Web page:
Fluoride Dental Treatments

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Lifelong protection against tooth cavitiesresults from continuous use of low-concentration fluoride. When communal-water supplies are available, water fluoridation clearly represents the most effective, efficient, and economical of all known measures for the prevention of tooth decay. Unfortunately, fluoride in water is available to only about two-thirds of the population. Thus it is obvious that additional measures by the dental profession are needed to provide greater protection against cavities.

The term topical fluoride therapy refers to the use of systems containing relatively large concentrations of fluoride that are applied locally, or topically, to erupted tooth surfaces to prevent the formation of tooth cavities. This term encompasses the use of fluoride rinses, dentifrices, pastes, gels, and solutions that are applied in various manners. Among dental practitioners, however, this term is generally considered to refer to professional topical fluoride treatments performed in the dental office.

Types of fluoride dental treatments

Fluoridated varnishes

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Fluoridated varnishes are effective in both adults and children. The slow release of fluoride from the resin vehicle results in lower peak plasma fluoride levels than from swallowed fluoridated gels.


Twice yearly application of sodium fluoride varnish is indicated for the following groups of individuals:

  • Cavity-prone adults who cannot or will not use a fluoride mouthrinse
  • Individuals with removable orthodontic appliances and partial dentures
  • Children over 6 years and adults with high cavities risk
  • Hypersensitive areas of teeth
  • Local remineralization of initial cavity formation or white spot lesions to arrest progress of decay and to protect vulnerable exposed root surfaces of teeth


  • Home use of fluoride varnish is contraindicated for safety reasons
  • It is also generally contraindicated for children under the age of 6 years

Duraphat (Colgate Oral Care) is an alcoholic solution of natural varnishes containing 50mg sodium fluoride per mL (equivalent to 22.6mg fluoride per mL). This fluoride varnish resin remains on the teeth for up to 12 to 48 hours after application, slowly releasing fluoride from the wax-like film.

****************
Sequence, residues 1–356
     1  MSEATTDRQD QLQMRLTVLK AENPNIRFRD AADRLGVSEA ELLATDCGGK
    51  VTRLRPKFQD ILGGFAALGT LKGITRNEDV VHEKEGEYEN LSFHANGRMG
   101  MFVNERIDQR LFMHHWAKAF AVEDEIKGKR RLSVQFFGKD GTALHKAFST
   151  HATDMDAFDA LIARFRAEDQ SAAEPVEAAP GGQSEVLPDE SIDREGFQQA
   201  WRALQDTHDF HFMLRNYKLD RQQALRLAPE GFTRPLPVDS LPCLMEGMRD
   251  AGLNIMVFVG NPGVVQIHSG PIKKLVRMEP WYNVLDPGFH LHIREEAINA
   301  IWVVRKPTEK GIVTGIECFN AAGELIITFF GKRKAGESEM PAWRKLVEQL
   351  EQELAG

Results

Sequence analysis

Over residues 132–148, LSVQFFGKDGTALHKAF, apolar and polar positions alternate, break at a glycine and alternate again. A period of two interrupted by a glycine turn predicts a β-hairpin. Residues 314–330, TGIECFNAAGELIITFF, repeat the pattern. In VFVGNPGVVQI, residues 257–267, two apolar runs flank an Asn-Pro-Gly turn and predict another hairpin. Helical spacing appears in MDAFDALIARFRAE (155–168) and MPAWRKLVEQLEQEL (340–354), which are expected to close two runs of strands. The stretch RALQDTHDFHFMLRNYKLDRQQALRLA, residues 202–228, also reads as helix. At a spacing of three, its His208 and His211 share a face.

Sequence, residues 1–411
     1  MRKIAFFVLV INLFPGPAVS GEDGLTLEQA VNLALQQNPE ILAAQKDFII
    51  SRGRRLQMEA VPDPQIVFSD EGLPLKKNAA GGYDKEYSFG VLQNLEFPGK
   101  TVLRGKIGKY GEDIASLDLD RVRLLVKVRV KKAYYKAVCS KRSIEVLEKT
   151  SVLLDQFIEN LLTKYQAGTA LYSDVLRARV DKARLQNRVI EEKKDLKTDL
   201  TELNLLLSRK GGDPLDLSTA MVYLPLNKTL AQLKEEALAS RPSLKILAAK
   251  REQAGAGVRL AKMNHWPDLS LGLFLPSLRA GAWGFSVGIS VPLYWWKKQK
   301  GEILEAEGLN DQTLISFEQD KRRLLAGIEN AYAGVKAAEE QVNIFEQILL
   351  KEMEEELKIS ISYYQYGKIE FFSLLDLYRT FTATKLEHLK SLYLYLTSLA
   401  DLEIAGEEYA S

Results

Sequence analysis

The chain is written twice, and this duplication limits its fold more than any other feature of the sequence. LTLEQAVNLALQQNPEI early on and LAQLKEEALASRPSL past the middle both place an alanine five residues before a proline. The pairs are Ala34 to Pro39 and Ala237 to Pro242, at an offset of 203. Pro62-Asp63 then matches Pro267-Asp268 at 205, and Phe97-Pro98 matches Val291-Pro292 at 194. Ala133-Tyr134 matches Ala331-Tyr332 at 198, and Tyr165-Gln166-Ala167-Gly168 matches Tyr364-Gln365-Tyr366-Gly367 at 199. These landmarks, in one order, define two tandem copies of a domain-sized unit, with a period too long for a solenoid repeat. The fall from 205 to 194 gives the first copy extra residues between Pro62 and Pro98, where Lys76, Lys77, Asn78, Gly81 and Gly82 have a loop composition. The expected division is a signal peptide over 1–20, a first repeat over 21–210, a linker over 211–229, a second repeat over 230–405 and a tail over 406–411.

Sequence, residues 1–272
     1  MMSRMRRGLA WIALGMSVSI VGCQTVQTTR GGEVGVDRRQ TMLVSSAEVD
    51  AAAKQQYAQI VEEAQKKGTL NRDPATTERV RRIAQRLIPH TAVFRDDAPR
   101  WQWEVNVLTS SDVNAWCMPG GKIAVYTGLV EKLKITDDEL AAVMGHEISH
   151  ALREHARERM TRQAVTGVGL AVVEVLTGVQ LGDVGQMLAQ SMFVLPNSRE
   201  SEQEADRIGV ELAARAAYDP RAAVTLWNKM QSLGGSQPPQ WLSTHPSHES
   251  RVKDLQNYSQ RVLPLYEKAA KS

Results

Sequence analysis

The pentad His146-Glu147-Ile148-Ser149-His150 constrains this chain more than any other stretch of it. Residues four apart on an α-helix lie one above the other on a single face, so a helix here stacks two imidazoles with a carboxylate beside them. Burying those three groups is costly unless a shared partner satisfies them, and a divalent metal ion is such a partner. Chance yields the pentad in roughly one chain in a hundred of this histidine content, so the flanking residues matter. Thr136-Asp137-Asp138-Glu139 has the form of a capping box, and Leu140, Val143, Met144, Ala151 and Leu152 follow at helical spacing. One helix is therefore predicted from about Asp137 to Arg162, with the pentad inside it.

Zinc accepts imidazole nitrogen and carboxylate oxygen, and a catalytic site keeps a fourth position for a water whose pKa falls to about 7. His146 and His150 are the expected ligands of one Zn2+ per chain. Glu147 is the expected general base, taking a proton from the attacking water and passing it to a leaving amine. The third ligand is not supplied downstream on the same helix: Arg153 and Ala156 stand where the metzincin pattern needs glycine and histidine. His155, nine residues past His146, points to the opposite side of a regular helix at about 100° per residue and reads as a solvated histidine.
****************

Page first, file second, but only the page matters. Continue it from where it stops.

Concentrated fluoridated gels, foams, solutions and crèmes

Concentrated fluoridated gels are marketed as cavities-preventing gels and treatment gels. Variable dosage during application, followed by accidental swallowing, can result in ingestion of large amounts of fluoride, which may contribute to mild fluorosis of mineralizing permanent teeth.

Highly concentrated fluoridated gels (for example 9000 to 12,300ppm fluoride) are limited to professional use in dental offices and not dispensed for home use. Lower concentration gels (for example 1000ppm fluoride) can be used at home following careful professional instruction and demonstration of proper product use.

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Acidulated phosphate fluoride gels

Acidulated phosphate fluoride (APF) gels contain 12,300ppm (parts per million) fluoride and are used for professional applications. It consists of a mixture of sodium fluoride, hydrofluoric acid and orthophosphoric acid. APF gels are used primarily for the prevention of development of cavities and are swabbed onto the tooth surface or applied in closely fitting trays.

Neutral sodium fluoride gels

A neutral pH gel with 9000ppm fluoride can be used for cases of enamel erosion, exposed dentine, decayed dentine or where very porous tooth enamel surfaces exist. Sodium fluoride is chemically very stable, has an acceptable taste and is non-irritating to the gums. It does not discolor teeth or fillings, in contrast to APF or stannous fluoride, which may cause discoloration.

Stannous fluoride gel

A stannous fluoride treatment gel can be used for remineralization of initial cavities and teeth with developmental defect that causes less enamel formation. The 1000ppm fluoride gel has proved effective in arresting decay on the root surface of teeth and has been incorporated into a synthetic saliva solution to reduce cavities in cancer patients who had undergo radiation therapy. A very small amount is placed on a cotton bud and applied to dried tooth surface by adult or for a child by the parent at home. In applying to children’s teeth, the parent must be fully compliant in following professional instructions.

Stannous fluoride solution

10% stannous fluoride solution may be used to target local ‘at-risk’ surfaces of teeth such as deep grooves on the tooth surface or initial cavitations in areas between teeth. The stannous ion may cause discoloration of teeth and staining on margins of fillings.

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Casein phosphopeptide-amorphous calcium phosphate (CPP-ACP) crèmes

CPP-ACP (Tooth Mousse, GC Corp) are available as crèmes for topical application at home. Applied to tooth surfaces at risk for decay or erosion or with initial cavitations, CPP-ACP releases fluoride, calcium and phosphate ions for local remineralization of tooth enamel. Tooth Mousse Plus contains 900ppm fluoride and this fluoridated product is for use by individuals over age 6 years. It is applied to teeth after brushing and flossing by smearing across tooth surfaces with a clean finger or cotton-tipped applicator. The crème is not rinsed out and should not be used by individuals with a milk protein allergy.